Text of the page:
My guess is that "he takes off his clothes in winter" would either be 彼は 冬に 服を 脱ぎます or 冬は 彼が 服を 脱ぎます。Whatever the case, I'm positive that it would not be 冬が, because winter definitely isn't the subject of this sentence. (As Ana said, that would mean that winter takes off its clothes.)

The English sentence parses as: "he(subj.) takes off(v.) his clothes(d.o.) in winter(adv.)". There's going to be some shoehorning involved because we don't really declare topics in English, so there may be multiple valid translations depending on what is meant.

彼は冬に... would mean that we're talking about him, and how he takes his clothes off in the winter. 冬は彼が... would mean that we're talking about stuff related to winter, and one such thing is that this dude takes his clothes off. "When the snow's a-blowing, his clothes get going", or something like that.


https://www.duolingo.com/profile/AnaLydiate

Who me? No, just 2. And I would say that I am competent (but lacking in confidence - when it comes to speaking) in Spanish.


https://www.duolingo.com/profile/Snorkazoid

Wouldn't it be 冬服 rather than 冬福?


https://www.duolingo.com/profile/AnaLydiate

Soz - got it mixed up with that other sentence about Winter clothes.


https://www.duolingo.com/profile/mike.laude

Arigato. R U fluent in 7 languages? Respect.


https://www.duolingo.com/profile/mizinha_joy

In most phrases in Japanese, we see the "time/weather/day" at the beginning, like "今日は (kyou wa/ha)..." or "八時に (at 8 o'clock)...", so I think it would be something like "冬に彼は服を脱ぎます (fuyu ni kare wa/ha fuku wo nugimasu). But I'm not really sure about the particle for "kare".


https://www.duolingo.com/profile/Nevin711542

Yes, it would then take the ni に. The brave knight Watashi splits the scene giving up its wa は to Winter but the other knight Kare takes it back and Winter goes 'ni'


https://www.duolingo.com/profile/AdamScott794079

In winter, I take off my clothes


https://www.duolingo.com/profile/Laura647540

Because に and で express movement and the place something is made/is in meanwhile は is for the subject


https://www.duolingo.com/profile/Karen344707

Is "nugimasu" just for clothes?


https://www.duolingo.com/profile/nakada501

we also use it for shoes and socks.


https://www.duolingo.com/profile/kai19154

which are clothes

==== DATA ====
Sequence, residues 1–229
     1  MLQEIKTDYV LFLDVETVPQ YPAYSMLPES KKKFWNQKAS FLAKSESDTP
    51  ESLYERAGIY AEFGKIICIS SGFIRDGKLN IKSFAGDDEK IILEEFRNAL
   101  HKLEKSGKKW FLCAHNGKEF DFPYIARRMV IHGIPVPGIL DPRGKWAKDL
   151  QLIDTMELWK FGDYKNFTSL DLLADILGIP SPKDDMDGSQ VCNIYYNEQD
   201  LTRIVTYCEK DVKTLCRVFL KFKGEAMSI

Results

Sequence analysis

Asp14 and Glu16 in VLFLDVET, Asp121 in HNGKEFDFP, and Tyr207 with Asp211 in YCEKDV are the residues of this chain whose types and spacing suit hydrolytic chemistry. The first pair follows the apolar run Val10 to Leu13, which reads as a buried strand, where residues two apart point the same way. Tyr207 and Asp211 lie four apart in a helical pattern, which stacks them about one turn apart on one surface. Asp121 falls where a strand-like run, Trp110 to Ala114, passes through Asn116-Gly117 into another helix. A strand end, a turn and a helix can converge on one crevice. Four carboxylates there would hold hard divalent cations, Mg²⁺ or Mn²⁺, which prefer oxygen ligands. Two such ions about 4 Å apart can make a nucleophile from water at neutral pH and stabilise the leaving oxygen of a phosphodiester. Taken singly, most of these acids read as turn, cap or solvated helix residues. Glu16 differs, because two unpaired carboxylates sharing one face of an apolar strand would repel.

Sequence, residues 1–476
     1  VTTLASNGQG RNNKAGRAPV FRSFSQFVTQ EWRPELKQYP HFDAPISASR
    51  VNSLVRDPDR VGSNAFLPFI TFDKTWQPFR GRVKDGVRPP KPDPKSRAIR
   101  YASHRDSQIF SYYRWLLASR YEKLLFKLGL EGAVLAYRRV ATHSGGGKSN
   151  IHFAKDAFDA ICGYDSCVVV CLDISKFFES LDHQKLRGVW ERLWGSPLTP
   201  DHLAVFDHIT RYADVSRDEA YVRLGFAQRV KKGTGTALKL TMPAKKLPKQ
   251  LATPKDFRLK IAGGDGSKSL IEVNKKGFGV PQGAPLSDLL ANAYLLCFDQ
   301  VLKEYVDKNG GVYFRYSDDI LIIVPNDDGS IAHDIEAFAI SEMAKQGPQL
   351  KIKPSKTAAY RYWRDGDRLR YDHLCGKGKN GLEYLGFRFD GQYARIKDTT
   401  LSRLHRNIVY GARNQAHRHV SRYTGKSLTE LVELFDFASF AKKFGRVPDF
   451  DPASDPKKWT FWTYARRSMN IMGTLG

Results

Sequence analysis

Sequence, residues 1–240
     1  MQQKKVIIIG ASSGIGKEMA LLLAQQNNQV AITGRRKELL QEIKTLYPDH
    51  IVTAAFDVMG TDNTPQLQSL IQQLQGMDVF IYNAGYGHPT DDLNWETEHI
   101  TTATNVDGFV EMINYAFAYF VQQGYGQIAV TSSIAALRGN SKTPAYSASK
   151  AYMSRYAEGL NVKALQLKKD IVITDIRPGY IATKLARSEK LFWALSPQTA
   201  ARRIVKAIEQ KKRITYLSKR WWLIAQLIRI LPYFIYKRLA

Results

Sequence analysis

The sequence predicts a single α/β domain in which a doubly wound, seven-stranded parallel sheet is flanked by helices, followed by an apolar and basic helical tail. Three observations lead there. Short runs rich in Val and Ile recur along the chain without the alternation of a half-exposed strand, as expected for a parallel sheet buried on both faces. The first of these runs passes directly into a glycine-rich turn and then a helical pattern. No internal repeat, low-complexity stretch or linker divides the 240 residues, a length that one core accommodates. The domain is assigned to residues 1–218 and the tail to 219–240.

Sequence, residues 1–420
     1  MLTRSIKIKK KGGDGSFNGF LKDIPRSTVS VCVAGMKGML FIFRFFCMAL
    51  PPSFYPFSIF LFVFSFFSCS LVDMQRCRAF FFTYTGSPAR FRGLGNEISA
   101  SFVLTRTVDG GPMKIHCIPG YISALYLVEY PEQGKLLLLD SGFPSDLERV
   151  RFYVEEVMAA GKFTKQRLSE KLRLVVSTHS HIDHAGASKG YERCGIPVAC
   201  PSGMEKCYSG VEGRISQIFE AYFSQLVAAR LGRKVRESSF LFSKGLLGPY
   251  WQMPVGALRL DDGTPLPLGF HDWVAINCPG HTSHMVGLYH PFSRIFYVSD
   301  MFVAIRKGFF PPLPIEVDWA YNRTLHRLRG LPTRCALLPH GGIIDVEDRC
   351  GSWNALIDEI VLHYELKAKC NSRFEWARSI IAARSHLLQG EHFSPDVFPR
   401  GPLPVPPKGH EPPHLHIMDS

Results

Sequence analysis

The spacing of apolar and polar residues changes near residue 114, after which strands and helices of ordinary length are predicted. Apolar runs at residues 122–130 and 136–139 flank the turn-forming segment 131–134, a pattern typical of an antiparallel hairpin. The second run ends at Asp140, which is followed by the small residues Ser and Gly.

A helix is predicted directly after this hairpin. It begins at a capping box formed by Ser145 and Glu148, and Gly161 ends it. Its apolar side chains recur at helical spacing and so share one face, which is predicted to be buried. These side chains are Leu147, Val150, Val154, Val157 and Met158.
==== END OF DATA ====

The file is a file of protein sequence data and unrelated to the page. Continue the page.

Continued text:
https://www.duolingo.com/profile/Cryopneuma

About that, I keep wondering if it translates more directly as "remove (from one's person)" or as "take off" specifically.


https://www.duolingo.com/profile/AnnaZaglya

Why "I take my winter clothes off" is a wrong answer?


https://www.duolingo.com/profile/Kreyvarr

Winter is the subject in which the action is taking place as denoted by particle は. It is not used as an adjective where it would not be present: 冬服 (ふゆ ふく)


https://www.duolingo.com/profile/LordOfTheAndain

Winter is not the subject, since it is not undressing. It is, however, the topic, which is what is marked by は. Otherwise, you are quite correct.


https://www.duolingo.com/profile/AnaLydiate

冬 is not acting as an adjective - it is a noun. Where it is used in other sentences as ふゆふく it is not being used as an adjective either but rather a compound noun - winterclothing.


https://www.duolingo.com/profile/FranStalli

This makes as much sense as "my dog sells hats."


https://www.duolingo.com/profile/AnaLydiate

Yes, I think it sounds weird in English AND Japanese. The only reason I can think of for duolingo doing this is some random and unusual way of teaching us the different seasons?


https://www.duolingo.com/profile/dandelionmagic

i think the unusual sentences, aside from being fun, help us gain confidence, i mean if you saw a strange sentence in your first language you would know that's what it says, it may not make sense but you wouldn't question if you got the wrong words.


[deactivated user]

    I feel like this is the only logical explanation for a lot of the sentences I've been getting.


    https://www.duolingo.com/profile/qK8W1

    私たち日本人は、冬に服を脱ぐ民族なのです!(´・ω・`)


    https://www.duolingo.com/profile/qK8W1

    そんな日本人はいやだ、だいいち寒いですって(´・ω・`)


    https://www.duolingo.com/profile/yukihaKobe

    八甲田山では寒さのあまり、コレが起きました。


    https://www.duolingo.com/profile/chebal

    自分の体温が下がりすぎて周りの温度に近くなると、人間は暑いと感じるそうですね。

    それで雪山の遭難者はストリーキングした様で発見されるとか


    https://www.duolingo.com/profile/Ainu00

    To some degree... We always take off the clothes, regardless of the weather out. Ultimately, so to speak...


    https://www.duolingo.com/profile/dandelionmagic